M&A Leaders: Why Clarity Is Key If You Want to Sell Your MSP
Written by James Anderson
“Run your business as though you’ll never sell… But at the same time, run as though you’re always gonna be for sale,” martinwolf’s Tim Mueller said.
If you want to sell your MSP, you should start that process when you launch your company.
That advice comes from Bradley Gross, counsel at Law Office of Bradley Gross. The legal expert urged partners to prepare for a sale from day one. And that means making sure governing documents are in order.
“You’re a business owner. You’re an LLC. You’re a corporation. We’re past the mom-and-pop stage. We’re past the point where you’re a bunch of people that got together and want to do something new,” Gross told an MSP audience at The MSP Summit, part of the Channel Partners Conference & Expo in Las Vegas.
Gross’ comments resonated with his panel, “MSP M&A Superstars: Understanding Today’s New Realities” at the conference.
“Run your business as though you’ll never sell,” said Tim Mueller, president of martinwolf. “Invest in that back end. Invest in solid principles and core values. But at the same time, run as though you’re always gonna be for sale.”
Cheryl Strom, partner, origination at The Riverside Company, said it’s important to eliminate surprises if you want to sell your MSP. And that takes planning.
“It really takes running your business in such a way that there are systems and processes that help you to be able to articulate the forecast and be able to understand if something is going to happen — if a good customer might be lost,” she said.
The panelists have been involved with different sides of M&A in an MSP channel that is undergoing consolidation left and right. Although economic headwinds and raised interest rates have given some potential sellers pause, Mueller said many opportunities still exist to consolidate the fragmented market. For example, Mueller said martinwolf advised on 100 transactions in 2022. Deals has occurred 45% of the time through private equity and 55% through strategic buyers.
What’s Your Desk?
But the onstage conversation pointed to some of the pitfalls buyers and sellers run into during the M&A process. And in many cases, pitfalls come when MSP leaders don’t fully understand their business.
In some cases, MSPs are overvaluing the sophistication of their businesses. Perhaps they’ve built their agreements via handshakes rather than through actual writing. Gross said that for deals that fell apart, MSPs weren’t listening to their M&A advisors.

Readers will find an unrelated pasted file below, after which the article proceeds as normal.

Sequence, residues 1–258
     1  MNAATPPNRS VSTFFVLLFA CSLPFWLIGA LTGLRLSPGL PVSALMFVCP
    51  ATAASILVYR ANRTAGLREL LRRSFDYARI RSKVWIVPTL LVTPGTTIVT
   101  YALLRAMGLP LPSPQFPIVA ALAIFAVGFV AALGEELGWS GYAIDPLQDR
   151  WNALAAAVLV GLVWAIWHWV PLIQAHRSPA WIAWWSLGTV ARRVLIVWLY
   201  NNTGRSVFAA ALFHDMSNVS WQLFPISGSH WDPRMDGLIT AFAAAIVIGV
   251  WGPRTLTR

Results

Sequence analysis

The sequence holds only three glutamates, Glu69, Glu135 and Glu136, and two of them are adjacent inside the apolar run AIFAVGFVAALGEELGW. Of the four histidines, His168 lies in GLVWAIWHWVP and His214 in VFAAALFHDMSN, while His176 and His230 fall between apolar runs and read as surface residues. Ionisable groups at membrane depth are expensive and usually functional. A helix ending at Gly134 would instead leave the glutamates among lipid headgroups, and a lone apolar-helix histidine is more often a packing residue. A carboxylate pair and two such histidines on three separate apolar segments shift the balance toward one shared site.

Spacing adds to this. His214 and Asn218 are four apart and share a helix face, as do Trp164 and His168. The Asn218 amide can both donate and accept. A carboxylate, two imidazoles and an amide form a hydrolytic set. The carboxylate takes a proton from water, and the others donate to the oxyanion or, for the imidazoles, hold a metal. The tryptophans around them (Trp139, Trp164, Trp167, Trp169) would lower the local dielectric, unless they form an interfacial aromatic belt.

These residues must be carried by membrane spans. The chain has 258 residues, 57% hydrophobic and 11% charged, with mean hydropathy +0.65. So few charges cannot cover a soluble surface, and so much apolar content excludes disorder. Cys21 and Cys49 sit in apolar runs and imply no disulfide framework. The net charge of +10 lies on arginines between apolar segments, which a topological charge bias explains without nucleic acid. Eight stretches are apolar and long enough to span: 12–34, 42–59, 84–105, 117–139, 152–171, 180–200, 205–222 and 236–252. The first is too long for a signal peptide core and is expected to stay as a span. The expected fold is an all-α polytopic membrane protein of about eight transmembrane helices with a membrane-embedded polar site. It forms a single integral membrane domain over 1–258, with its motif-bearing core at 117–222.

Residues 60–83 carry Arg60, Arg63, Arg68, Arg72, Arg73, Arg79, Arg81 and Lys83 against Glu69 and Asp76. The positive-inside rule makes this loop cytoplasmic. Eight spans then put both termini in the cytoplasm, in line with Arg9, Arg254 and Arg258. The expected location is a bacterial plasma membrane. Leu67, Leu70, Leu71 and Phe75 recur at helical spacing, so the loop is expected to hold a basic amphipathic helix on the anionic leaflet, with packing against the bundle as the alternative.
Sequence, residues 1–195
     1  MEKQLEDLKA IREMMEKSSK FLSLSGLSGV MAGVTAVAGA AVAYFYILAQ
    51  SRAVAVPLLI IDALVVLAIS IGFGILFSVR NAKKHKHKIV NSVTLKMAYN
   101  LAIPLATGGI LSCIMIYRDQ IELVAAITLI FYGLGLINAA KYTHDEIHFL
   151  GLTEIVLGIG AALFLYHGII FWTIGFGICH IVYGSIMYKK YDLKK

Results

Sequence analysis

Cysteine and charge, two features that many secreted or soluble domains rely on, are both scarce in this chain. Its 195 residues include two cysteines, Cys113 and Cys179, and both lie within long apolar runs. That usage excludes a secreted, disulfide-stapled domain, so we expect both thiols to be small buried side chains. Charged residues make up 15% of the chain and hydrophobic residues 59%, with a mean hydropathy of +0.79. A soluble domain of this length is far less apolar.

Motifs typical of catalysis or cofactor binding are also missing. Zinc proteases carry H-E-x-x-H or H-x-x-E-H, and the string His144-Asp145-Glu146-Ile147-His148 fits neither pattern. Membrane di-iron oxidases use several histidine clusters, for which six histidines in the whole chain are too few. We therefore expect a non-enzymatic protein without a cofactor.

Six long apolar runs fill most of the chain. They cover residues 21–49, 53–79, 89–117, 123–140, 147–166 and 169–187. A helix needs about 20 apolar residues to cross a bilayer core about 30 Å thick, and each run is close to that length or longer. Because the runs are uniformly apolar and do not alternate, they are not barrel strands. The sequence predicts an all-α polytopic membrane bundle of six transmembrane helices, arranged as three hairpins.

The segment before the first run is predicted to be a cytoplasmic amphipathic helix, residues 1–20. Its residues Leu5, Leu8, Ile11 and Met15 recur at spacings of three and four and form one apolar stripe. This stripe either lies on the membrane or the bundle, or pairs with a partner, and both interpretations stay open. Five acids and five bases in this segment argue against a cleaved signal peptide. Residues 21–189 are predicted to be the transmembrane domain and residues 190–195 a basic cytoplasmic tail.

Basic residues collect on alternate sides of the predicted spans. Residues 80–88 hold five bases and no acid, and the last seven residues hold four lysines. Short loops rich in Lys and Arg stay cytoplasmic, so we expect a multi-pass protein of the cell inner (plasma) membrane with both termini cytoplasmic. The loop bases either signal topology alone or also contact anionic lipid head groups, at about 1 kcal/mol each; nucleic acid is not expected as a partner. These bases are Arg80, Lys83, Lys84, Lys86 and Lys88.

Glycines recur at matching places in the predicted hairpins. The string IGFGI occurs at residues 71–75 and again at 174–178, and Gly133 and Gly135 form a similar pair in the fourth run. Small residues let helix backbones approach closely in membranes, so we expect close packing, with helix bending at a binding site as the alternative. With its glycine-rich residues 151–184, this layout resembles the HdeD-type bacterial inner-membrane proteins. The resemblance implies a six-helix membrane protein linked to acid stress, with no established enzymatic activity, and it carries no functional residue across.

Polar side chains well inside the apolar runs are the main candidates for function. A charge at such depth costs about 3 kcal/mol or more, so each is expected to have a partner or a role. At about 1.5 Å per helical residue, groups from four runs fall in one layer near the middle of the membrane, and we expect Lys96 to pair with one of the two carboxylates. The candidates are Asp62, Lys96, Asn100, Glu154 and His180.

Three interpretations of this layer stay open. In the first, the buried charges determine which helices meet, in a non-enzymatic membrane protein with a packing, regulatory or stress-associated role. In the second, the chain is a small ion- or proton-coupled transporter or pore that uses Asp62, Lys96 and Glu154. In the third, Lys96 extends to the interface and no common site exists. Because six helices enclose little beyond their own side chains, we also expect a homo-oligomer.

“Every story of a failed deal is the story is one thing: hubris,” Gross said.
Sometimes MSPs underestimate the emotional impact of a transaction. For example, Anastasiu said one deal hit a snag when a client realized their sale included an office desk that had been passed down through their family. The transaction would have died on the table had the purchaser not adjusted the terms to include the desk, Anastasiu said.
“If you are an owner preparing to sell, what is your desk?” he said. “In most cases it’s really not a material thing. In most cases, it is your relationship with your clients and your employees. It’s the recognition you have among your peers for being a successful entrepreneur. It’s… the passion … the plans … the memories. What is that one thing that you will have a hard time [giving up] and, more importantly, how will you replace it?
Mueller said having a full picture of everything happen can help you as you sell your MSP.
“It’s often difficult to to let go of something that you’veworked really hard to build that represents a significant part of your identity. Clarity helps manage the emotional impact and ensures you’re making the decisions on your best behalf as well as the other people affected by the deal,” Mueller said.
Neil Medwed led a Texas-based MSP for 26 years before selling to and joining Meriplex. He told the partner audience that if he went back in time equipped with the knowledge he now has, he would have built his business much differently.
He said he would have relied more on key performance indicators (KPI) to measure his business. He also pointed to peer groups as a way for partners to acquire key information and compare themselves to peers. He also said he would have managed more with his head than with his heart. He said that some MSPs will benefit from right-sizing their business.
“If you right-size your business, you can invest in better tools. You can get better bonuses. You can bring more to the bottom line and be more valuable as a company. Whether you want to sell or not, it’s a for-profit, so look at financials,” he said.
Finding a Fit
Strom, whose private equity company has acquired 12 MSPs over the last several years, said it’s important for MSPs to take time to ensure that they understand the character of the prospective buyer. For that reason, she said Riverside often delays on sending over a letter of intent to the partner.
“These due diligence and final stages are important to make sure that you honor and respect the buyer and that you want to do this,” Strom said.
USwired’s Robin Hau recently spoke to Channel Futures about his experiences with M&A. He emphasized the importance of finding a cultural fit.
“Cultural fit encompasses a wide range of factors, such as leadership styles, communication styles, employee attitudes and organizational values,” Hau said in a Q&A. “A misalignment in any of these areas can lead to conflicts, misunderstandings, and ultimately, a failed integration.”
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